Cashflow is always important for property investors, but never more so than in an environment like this.
Inflation has been soaring and the cost of living has been putting greater pressure on household budgets than any time in recent memory.
The effect is that we all need more cash in order to pay for our day to day life. And then on top of that of course, interest rates have been going up and up.
Anyone who has followed b Invested founder Nathan Birch’s core investment strategy will know cashflow is one of several key pillars, along with buying for below market value and with room for capital upside.
Free to build
If you are building an investment portfolio, the last thing you need is to suddenly have to find extra money to pay off mortgages because your rates have gone up.
A successful strategy requires you to be positively geared and therefore able to service or even build your portfolio while being unencumbered.
The importance of that freedom is why most investors begin by paying interest only in the initial years of their loans. Otherwise they are stuck needing to pay far more each week to service their property and are exposed to a lot more personal risk if things go wrong.
Landlords are being slammed in the media and even blamed for the rising cost of renting for tenants, but in order to make an investment viable, you need to raise your rent to pay those higher mortgage rates.
The alternative is negative
One misconception that people often have is that most Aussie investors opt for negative gearing in order to maximise their income tax benefits. The picture always painted by the media is that of a high net worth investor. But the majority of investors in Australia only have one investment property and they are paying it off so that it might provide some extra income in retirement. Often they are in low to middle income jobs and know they will need more than super to sustain them later in life.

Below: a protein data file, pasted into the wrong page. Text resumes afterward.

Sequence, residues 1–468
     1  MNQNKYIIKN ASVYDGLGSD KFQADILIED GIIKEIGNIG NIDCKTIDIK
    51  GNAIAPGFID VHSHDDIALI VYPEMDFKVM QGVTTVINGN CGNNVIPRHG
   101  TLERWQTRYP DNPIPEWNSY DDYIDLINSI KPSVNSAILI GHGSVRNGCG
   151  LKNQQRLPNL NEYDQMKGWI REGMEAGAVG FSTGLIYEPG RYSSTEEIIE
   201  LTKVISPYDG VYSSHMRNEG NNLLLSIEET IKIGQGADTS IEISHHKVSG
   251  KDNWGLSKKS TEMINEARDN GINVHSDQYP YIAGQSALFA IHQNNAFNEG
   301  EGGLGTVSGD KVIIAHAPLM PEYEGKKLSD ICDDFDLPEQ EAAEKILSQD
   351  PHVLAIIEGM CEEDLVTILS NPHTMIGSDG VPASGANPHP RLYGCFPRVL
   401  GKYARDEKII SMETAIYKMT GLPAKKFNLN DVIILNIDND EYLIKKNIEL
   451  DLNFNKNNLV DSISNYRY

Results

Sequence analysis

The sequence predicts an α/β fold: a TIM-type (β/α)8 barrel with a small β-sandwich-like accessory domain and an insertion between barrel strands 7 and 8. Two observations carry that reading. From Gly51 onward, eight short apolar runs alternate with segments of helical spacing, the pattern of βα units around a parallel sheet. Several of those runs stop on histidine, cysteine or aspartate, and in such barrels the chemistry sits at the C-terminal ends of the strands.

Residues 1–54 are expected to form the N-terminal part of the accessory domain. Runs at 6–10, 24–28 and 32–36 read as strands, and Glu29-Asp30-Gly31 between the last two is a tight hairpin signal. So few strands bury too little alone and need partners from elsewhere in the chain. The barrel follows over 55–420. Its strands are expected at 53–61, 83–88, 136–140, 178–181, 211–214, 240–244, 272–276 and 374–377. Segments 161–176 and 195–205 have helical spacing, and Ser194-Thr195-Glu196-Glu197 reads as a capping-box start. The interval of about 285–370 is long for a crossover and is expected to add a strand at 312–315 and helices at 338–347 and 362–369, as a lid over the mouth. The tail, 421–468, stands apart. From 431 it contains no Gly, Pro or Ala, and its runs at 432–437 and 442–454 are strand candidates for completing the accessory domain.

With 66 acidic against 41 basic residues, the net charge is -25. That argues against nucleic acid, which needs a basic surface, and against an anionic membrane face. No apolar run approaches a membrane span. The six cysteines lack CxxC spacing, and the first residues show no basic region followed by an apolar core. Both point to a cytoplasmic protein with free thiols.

These investors need cashflow to keep their head above water and to make sure they can stay in the market and benefit from long term growth and a property that pays itself off.
Asset tied to inflation
Anyone who stashes cash as an investment is getting a better return than they were for a long time because interest rates have begun to go up. But even the best savings accounts and term deposits are only paying 3 or 4%. Considering inflation is up above 7% at the moment, the money you have in the bank is actually losing value.
Every day your cash is worth less than what it was the day before.
The beauty of positively geared property is that you can use your cash to leverage into an asset that grows in value over time and returns you more cash than you pay. You benefit in the future, but you are also better off week by week than if you hadn’t bought it.
And rather than being slammed by inflation, your asset means you are benefiting from it. You are receiving the inflated money in rent rather than paying it to someone else.
Over time, your rental return keeps increasing while your debt falls or remains the same. One day, the debt you have left on the property will be irrelevant.